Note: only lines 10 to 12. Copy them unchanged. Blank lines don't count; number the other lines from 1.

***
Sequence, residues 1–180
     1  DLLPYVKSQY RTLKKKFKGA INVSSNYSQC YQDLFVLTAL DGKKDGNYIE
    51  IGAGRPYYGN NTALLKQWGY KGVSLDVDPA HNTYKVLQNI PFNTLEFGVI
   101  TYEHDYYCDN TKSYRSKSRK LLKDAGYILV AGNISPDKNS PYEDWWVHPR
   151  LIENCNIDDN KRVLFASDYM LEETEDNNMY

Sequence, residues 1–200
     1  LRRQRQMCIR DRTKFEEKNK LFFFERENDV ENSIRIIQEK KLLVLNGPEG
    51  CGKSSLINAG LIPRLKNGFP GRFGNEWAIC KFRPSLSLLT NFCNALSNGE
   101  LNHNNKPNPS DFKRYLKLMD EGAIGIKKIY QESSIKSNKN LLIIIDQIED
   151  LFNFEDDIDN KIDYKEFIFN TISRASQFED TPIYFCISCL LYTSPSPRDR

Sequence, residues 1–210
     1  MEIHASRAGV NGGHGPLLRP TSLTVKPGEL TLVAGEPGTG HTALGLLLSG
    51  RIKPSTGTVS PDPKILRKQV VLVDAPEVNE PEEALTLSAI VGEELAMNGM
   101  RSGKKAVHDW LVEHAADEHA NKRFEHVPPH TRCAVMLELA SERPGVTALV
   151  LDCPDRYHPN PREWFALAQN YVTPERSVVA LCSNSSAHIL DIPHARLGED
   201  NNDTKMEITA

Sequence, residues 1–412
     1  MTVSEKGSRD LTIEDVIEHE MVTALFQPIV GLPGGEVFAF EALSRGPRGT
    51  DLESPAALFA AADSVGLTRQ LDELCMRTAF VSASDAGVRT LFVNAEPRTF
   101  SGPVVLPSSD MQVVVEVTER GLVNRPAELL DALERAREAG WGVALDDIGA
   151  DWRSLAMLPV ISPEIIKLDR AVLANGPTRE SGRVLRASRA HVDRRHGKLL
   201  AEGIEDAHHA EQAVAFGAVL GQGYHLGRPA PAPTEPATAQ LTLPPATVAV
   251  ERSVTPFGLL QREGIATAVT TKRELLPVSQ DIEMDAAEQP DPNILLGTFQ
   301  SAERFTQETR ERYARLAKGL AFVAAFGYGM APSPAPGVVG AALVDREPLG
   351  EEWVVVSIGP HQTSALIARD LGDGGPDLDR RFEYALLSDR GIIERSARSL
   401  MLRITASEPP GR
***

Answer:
   151  LFNFEDDIDN KIDYKEFIFN TISRASQFED TPIYFCISCL LYTSPSPRDR

Sequence, residues 1–210
     1  MEIHASRAGV NGGHGPLLRP TSLTVKPGEL TLVAGEPGTG HTALGLLLSG